Kabul’s new mayor orders female employees to stay at home
The new mayor of Kabul has instructed female officials to stay home and not come to work unless their duties can be performed by a male colleague. The capital’s interim mayor belongs to the Taliban, the extremist group that occupied Afghanistan last month.
According to Mayor Hamdallah Noaman, “It is essential that women be temporarily unemployed.” The city has about three thousand female city employees. According to Numan, some women are allowed to continue working, for example the workers who clean women’s toilets in Kabul.
It means that the Taliban are once again restricting Afghan women, despite earlier promises to respect their freedoms and rights “within the framework of Islamic law.” Yesterday it became clear that the group is also responsible for managing women’s affairs in Kabul. close. The building now houses the Ministry of Virtue. The female employees are said to have been sent home in recent weeks.
Dozens of women demonstrated today outside the ministry building. They demand that women be allowed to participate in public life. “A society in which women do not participate is a dead society,” reads their billboards. The demonstration lasted ten minutes and took place under the watchful eyes of the Taliban.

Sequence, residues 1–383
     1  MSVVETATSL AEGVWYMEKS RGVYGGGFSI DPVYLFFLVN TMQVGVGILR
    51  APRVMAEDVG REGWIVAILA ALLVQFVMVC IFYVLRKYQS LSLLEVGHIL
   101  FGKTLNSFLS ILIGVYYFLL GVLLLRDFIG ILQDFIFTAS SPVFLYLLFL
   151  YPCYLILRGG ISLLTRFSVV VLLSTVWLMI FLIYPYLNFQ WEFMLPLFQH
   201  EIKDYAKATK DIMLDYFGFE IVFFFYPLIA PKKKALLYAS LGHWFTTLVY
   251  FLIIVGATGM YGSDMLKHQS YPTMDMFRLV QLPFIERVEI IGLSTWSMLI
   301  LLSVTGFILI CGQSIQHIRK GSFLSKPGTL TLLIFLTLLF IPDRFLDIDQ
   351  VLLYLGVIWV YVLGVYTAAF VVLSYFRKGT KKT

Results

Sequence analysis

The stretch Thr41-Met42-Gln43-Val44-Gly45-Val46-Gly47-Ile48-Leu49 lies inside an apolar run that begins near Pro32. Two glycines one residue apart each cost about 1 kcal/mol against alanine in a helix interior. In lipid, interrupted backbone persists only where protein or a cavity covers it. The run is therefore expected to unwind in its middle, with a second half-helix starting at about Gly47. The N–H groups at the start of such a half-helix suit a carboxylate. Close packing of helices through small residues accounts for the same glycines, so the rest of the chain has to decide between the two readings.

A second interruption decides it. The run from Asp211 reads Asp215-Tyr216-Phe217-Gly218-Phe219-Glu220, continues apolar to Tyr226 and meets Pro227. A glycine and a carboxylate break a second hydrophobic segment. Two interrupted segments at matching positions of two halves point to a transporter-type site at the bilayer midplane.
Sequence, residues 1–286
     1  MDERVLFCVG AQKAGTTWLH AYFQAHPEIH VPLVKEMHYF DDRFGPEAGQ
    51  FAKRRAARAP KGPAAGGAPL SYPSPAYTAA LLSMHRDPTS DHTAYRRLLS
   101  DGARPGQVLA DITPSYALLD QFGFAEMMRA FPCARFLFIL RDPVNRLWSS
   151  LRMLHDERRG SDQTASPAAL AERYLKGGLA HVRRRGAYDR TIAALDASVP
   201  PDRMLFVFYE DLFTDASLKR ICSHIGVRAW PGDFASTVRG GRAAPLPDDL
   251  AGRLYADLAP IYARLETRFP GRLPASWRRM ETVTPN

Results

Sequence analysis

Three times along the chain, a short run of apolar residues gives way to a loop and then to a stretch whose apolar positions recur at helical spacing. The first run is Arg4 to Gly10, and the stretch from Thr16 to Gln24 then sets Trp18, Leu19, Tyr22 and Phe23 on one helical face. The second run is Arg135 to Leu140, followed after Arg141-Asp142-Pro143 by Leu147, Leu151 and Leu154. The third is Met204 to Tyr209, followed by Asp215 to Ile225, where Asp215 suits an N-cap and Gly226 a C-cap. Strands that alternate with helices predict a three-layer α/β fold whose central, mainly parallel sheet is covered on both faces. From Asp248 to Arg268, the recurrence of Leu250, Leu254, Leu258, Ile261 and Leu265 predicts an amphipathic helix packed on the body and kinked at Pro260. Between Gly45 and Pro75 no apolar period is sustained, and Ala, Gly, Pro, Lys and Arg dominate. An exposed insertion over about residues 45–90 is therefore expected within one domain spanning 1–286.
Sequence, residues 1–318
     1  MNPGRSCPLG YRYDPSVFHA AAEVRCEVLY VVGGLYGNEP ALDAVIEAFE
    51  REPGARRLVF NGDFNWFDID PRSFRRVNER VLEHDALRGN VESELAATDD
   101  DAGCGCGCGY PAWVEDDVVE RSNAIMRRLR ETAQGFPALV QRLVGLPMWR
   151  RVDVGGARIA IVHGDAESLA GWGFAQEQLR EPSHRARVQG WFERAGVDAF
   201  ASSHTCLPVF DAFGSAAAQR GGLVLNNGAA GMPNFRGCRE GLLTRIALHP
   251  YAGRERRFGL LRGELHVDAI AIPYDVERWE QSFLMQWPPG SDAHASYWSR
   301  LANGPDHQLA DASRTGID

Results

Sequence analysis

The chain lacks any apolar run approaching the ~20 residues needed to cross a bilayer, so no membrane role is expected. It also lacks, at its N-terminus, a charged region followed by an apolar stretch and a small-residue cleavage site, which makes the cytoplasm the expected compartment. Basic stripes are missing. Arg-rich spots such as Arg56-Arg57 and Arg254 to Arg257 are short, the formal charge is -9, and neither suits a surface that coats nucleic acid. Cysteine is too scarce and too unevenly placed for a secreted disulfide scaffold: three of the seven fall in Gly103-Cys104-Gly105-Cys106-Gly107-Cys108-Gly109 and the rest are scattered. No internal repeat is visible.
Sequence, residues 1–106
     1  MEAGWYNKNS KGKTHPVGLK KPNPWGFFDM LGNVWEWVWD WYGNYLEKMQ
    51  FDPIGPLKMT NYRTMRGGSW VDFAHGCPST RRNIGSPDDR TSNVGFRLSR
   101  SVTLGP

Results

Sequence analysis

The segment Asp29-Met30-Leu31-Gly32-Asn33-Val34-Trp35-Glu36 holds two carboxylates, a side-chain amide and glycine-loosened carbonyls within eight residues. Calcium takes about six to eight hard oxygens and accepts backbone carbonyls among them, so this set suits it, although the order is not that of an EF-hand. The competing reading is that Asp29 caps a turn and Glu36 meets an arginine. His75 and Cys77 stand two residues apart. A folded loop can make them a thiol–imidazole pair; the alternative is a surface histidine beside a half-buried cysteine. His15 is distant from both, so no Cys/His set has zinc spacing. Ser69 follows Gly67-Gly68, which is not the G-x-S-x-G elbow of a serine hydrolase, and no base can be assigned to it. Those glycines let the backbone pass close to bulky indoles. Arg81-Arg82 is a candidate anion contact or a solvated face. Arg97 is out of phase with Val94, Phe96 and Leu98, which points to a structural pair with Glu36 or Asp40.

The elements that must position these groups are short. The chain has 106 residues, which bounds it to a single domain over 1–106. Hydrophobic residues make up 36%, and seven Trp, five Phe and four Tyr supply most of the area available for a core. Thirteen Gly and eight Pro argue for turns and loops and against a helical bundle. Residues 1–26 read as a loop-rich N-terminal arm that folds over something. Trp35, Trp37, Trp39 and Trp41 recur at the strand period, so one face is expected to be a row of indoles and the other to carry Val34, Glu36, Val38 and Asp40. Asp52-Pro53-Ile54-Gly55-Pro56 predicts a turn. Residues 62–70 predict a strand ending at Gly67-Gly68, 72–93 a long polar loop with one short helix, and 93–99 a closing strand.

This is not the first time Afghan women have taken to the streets since seizing power. Demonstrations are often crushed with a heavy hand. However, the women continue to demonstrate – they are outraged by the group’s restrictive policies on women’s rights.
Education is prohibited
Earlier this week, girls in secondary education were banned from returning to school for the time being, while male classmates were allowed to return. Female students still study, but in separate classes and with a mandatory face covering.
When the Taliban took power in the 1990s, they banned girls and women from going to school. In addition, women were not allowed to work outside the home. Women’s rights activists fear that the group will pursue such a policy again.
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